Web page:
Sure, there are four less parking spots near his two cafes – Tom’s and Estelle – on Southwark Street in the Central City but he says the amenity provided by the trees is worth so much.
“It’s just so great to have nice, established planting in the Central City,” Tom said.
“These trees and other plants are really lovely and I think quite different. They kind of feel like they might be in someone’s garden rather than on the street which is fun.”
Six new trees – five acer bowhall and one magnolia – have been planted along Southwark Street. This is part of a broader project to improve amenity in the Central City as more and more residents and businesses move in.
Tom opened his first café on Southwark Street – aptly named Tom’s – in March 2022, before opening Estelle earlier this year.
He’s eagerly anticipating the trees’ new foliage in summer as the acer bowhall outside Tom’s has dropped its leaves for winter.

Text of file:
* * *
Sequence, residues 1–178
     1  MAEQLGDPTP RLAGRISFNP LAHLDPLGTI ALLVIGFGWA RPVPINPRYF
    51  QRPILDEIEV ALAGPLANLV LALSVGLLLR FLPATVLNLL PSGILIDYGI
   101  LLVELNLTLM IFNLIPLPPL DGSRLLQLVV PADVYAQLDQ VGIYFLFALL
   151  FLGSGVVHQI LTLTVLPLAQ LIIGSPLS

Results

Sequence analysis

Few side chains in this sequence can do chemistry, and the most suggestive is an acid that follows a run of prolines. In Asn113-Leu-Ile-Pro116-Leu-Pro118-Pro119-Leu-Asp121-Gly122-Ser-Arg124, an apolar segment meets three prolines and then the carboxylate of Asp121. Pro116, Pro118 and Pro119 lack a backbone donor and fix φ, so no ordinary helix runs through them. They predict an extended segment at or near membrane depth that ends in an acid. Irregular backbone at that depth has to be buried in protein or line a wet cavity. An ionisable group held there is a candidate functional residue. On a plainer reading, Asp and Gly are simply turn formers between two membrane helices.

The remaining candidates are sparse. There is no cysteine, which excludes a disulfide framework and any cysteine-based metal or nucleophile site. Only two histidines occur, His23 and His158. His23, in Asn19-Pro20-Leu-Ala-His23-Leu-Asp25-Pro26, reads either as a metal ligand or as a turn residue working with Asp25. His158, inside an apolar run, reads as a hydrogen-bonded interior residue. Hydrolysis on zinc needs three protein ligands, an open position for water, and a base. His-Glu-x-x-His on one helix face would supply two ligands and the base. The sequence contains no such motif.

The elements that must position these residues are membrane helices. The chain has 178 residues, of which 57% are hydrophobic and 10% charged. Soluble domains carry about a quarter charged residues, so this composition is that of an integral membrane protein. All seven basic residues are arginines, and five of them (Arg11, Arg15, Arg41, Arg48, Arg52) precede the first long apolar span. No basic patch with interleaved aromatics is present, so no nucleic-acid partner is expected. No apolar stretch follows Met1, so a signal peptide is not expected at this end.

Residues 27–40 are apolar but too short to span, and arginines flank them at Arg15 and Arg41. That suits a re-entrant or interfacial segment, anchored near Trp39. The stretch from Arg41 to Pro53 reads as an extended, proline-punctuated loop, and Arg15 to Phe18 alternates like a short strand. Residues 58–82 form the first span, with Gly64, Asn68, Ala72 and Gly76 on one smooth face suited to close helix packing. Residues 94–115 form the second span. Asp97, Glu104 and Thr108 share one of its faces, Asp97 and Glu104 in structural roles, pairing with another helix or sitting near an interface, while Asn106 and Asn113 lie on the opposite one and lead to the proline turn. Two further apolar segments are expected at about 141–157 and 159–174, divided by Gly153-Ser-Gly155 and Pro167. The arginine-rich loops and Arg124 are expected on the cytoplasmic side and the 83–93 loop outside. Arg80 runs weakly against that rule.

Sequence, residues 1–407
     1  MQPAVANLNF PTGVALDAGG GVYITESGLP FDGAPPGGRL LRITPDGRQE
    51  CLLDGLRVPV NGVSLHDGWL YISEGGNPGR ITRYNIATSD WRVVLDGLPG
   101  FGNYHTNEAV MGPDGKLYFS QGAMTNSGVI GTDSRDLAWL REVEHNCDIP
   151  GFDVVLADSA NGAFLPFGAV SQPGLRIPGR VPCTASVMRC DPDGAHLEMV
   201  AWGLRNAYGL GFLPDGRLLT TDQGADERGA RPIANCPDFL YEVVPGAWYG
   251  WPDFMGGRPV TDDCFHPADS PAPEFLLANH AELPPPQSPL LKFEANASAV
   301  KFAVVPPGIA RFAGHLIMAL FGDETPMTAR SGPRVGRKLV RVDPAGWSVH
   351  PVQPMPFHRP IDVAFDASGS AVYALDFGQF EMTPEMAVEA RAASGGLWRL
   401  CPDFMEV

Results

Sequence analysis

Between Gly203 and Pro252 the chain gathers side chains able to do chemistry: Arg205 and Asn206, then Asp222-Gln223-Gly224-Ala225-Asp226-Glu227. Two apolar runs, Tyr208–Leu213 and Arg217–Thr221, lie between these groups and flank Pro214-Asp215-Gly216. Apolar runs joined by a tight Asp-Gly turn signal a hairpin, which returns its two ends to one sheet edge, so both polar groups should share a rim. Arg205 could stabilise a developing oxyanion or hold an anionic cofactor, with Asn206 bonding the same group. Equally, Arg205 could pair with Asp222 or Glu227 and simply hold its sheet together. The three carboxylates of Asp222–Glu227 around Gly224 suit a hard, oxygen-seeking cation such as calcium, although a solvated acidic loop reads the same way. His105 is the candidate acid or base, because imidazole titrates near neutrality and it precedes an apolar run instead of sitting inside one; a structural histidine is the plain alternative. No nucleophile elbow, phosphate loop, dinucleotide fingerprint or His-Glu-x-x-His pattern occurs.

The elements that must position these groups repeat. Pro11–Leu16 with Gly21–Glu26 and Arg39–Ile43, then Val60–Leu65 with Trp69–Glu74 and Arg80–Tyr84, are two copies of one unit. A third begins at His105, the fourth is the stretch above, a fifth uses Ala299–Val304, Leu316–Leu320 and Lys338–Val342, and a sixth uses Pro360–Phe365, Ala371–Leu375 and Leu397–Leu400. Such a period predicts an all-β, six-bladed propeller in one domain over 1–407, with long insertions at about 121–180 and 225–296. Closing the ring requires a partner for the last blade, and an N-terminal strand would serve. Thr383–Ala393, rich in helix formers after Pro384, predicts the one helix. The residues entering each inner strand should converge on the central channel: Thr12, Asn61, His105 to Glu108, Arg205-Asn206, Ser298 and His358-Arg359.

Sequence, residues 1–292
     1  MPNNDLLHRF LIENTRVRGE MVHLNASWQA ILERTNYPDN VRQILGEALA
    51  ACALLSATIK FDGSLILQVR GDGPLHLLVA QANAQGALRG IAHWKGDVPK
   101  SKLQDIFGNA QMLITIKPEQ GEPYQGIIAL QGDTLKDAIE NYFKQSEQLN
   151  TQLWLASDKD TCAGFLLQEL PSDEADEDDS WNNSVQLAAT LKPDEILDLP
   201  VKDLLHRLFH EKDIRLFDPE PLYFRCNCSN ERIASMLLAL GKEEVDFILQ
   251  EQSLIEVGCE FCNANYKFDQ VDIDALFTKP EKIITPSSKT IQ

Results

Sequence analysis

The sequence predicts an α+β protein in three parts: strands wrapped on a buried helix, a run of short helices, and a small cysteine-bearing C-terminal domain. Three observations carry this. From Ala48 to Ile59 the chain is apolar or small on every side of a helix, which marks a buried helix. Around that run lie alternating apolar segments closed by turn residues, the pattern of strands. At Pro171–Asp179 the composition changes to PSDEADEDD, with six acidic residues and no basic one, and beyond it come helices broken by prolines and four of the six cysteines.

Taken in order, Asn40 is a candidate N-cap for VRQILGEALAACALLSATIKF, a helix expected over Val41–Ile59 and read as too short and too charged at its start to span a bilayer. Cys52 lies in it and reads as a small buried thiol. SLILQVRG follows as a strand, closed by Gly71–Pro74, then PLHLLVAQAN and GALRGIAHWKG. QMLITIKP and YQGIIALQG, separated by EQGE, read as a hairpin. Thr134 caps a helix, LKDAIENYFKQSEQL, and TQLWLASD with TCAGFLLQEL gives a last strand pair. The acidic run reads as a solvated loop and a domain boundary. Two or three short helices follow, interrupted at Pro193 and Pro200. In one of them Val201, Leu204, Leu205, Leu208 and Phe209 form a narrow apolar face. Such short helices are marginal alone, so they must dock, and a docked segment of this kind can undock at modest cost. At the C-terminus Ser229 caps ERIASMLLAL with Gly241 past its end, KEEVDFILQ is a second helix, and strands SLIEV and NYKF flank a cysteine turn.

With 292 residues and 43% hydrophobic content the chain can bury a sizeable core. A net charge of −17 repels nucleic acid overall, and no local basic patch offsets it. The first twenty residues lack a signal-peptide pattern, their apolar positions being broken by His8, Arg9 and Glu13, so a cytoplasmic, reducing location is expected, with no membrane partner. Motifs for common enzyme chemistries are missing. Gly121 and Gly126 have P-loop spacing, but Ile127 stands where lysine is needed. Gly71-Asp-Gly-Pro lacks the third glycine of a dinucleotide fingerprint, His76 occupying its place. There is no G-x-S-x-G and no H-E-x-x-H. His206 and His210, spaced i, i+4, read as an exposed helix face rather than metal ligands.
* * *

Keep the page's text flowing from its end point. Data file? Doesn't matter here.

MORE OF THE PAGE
“Tom’s is looking like it’s had a nice wee makeover for spring.”
Christchurch City Council Head of City Growth and Property Bruce Rendall says Southwark Street is home to a wide range of businesses and new residential developments so was the perfect place to pilot additional planting.
“Previously there was very little landscaping so these trees, plus a nearby mural by Kophie Hulsbosch, are boosting the amenity of the area for the residents, visitors and workers.”
Mr Rendall said the Council tries to increase tree cover without impacting existing parking, however a parking audit showed the use of the Southwark Street parking spaces did not exceed 60%.
A full streetscape upgrade would have been very expensive. Instead, the project was delivered through the Council’s Enliven Places Programme funding, which undertakes smaller scale amenity and activation improvements. The Enliven Places Programme supports strategic initiatives such as the Central City Residential Programme, ‘Project 8011’.
“One of the key goals of Project 8011 is to have 20,000 people living in the Central City by 2028. The current focus is the south-east of the Central City, including Southwark Street, which has the greatest opportunity to grow,” Mr Rendall says.
The project also supports the Council’s proposed Urban Forest Plan, which aims to grow the city’s urban forest, with no ward having less than 15 per cent total canopy cover.